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Showing results for tags 'true crime'.
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Anyone else watch this yet? Holy Shit. So creepy, so disturbing, and so unbelievably SAD. Dee Dee Blanchard was a sociopathic, narcissistic maniac who ruined her child's entire existence. NOT excusing her murder and Gypsy's role in it. But I am glad she got her plea deal to 2nd degree murder and is only serving 10 years. I kept thinking also, the only reason Dee Dee got away with it for so long was the time period (Gypsy was born in 1991). If it were now, with all the electronic records and ease of access to them by providers, she'd never have been able to pull off that huge a deception for that long. IMO the doctors and hospitals that performed unnecessary surgeries on her without due diligence should all be sued to the hilt. Joey King deserves awards thrown at her from all sides. She completely BECAME Gypsy. The voice similarity is uncanny.
Has anyone seen Netflix's Ted Bundy documentary. I've always been a bit of a true crime nerd, so I thought I already knew about Bundy. But the doc made me see for the first time how charming he was, and how "normal" he sounded. I've heard it before, but this was the first time actually seeing it. It's unnerving. Like I thought I'd be above that (which is I know is kind of arrogant), but now I realize that maybe I wouldn't have been. It made me feel even more empathy and sympathy for his victims. Anyone else have a similar reaction? Anyway, now I've completely gone down the rabbit hole, and got Ann Rule's book The Stranger Beside Me. It's one of the craziest stories I've ever read. So Ann Rule is this aspiring crime writer going through a divorce, volunteering at a suicide hotline on the same shift as young Ted Bundy. They become work friends, and catch up with each other every once in a blue moon after she quits. When the murders were happening, she gets a contract to write a book about them. She gets signed to write about a series of murders, and then it turns out her old friend was the one commiting them. So she's researching the crime, while also writing letters and having phones calls with Ted in prison, hoping he's innocent but not compeletly sure. That's fucking nuts. The whole story is just so weird and compelling.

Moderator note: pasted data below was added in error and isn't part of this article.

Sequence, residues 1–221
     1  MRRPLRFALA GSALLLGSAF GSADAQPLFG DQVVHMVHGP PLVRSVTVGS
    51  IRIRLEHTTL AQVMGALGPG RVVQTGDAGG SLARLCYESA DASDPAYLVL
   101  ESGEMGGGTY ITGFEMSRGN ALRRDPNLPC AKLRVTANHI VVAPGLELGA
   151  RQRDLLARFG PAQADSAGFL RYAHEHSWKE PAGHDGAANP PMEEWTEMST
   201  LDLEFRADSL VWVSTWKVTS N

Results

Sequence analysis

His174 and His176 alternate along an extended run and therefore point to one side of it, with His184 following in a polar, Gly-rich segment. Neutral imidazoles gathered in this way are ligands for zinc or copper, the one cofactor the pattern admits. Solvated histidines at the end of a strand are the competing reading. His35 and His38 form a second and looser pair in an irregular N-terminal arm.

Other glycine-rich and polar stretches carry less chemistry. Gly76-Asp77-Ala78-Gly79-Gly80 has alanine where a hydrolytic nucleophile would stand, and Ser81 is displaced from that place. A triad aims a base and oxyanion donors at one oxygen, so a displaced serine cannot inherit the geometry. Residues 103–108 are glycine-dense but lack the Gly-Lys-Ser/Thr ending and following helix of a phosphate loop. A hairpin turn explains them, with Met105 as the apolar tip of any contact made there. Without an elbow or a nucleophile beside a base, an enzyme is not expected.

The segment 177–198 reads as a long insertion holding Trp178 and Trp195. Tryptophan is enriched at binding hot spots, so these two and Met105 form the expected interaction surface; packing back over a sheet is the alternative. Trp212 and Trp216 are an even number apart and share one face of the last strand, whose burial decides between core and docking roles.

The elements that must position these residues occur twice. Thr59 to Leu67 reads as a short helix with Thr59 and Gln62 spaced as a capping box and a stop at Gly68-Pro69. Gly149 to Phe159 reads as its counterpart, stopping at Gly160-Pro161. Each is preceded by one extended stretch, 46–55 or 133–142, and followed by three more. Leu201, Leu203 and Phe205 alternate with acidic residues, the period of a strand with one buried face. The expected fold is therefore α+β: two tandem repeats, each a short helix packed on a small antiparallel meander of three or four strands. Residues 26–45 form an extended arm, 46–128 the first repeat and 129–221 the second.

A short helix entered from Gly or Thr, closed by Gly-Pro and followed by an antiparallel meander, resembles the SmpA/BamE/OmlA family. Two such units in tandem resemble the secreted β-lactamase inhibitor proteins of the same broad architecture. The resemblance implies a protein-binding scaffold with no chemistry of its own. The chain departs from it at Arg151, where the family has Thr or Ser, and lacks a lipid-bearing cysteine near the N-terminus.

I just ran across an interesting documentary on a crime I'd never heard of. The Papin sisters who killed their employers in France in 1933 in an brutal attack. I've never heard of this crime and the documentary is really good the way it explores the psychological angles which is my favorite aspect of true crime. Some parts are in French with subtitles but mostly in English.
drivingmishcrazy posted a topic in Quiverfull of DocumentariesHey all, I didn't see a thread about this one so I took the liberty. Mods if I just missed an existing thread, I apologise. Anyone else catch this documentary yet? What did you all think of it? Truthfully I only vaguely remember the crime when it happened and didn't really know specifics about the crime. I knew supposedly Amanda was "weird" and the Italian police were criticized as being incompetent. When I looked up details after release I thought some of the things they did in the investigation were really odd and it seemed like they were just trying to make things fit because they wanted Amanda and Raffelle to be guilty. The documentary was interesting, really well made, IMO. Watching Amanda Knox and hearing her talk, seeing her expressions, I actually feel more sympathetic towards her. She's "off" but not murderer "off" IMO. She strikes me as someone like me, uncomfortable socially, awkward, easily stressed out, naive and at times easily "led" with questions. But that's just my opinion and there's always a chance I'm projecting. If you haven't checked this out yet, definitely give it a look. Just be warned, there is footage of the crime scene and considerable discussion of it, so if violence and gore upset you, you might want to skip or proceed with caution.
Is anyone else following the Trace podcast? http://www.abc.net.au/radio/programs/trace/ Summary: "Mother of two Maria James was stabbed to death in the back of her suburban Melbourne bookshop in June 1980. Her killer has never been found." I'm finding the cold case investigation fascinating - and also the insight into some of the power structures in play at the time. Nothing is resolved, and it's an ongoing thing but the suggested leads are interesting. Also the interviewer badly needs to take Biology 101 in at least one episode.
Cleopatra7 posted a topic in Wide World of Snarkhttps://www.google.com/amp/s/mobile.nytimes.com/2017/12/24/us/teen-murder-racist-virginia.amp.html This case reminds me of a similar one that happened about twenty years ago when two brothers and their cousin who were into the Neo Nazi skinhead scene murdered the former’s JW parents and younger brother: https://en.m.wikipedia.org/wiki/Freeman_family_murders
Cleopatra7 posted a topic in Wide World of SnarkI just heard about this case, and it sounds beyond bizarre: https://mobile.nytimes.com/2017/08/23/world/europe/kim-wall-dead-submarine-denmark.html?emc=edit_nn_20170823&nl=morning-briefing&nlid=57825966&te=1&referer= Kim Wall, a Swedish freelance journalist, went missing after taking a ride in an experimental submarine built by a Danish inventor. At first, he claimed that the submarine had an accident and he had to bury her at sea, but her headless torso was recently discovered in the sea, which suggests that she was murdered. Assuming that Wall was murdered (and all signs point to it at the moment), what was the point? Was she going to uncover shady activities on the part of the inventor or was he just a garden variety pervert who used his invention as a pretext to ensnare Wall? Do any of our Scandinavian FJers have some insight on this case?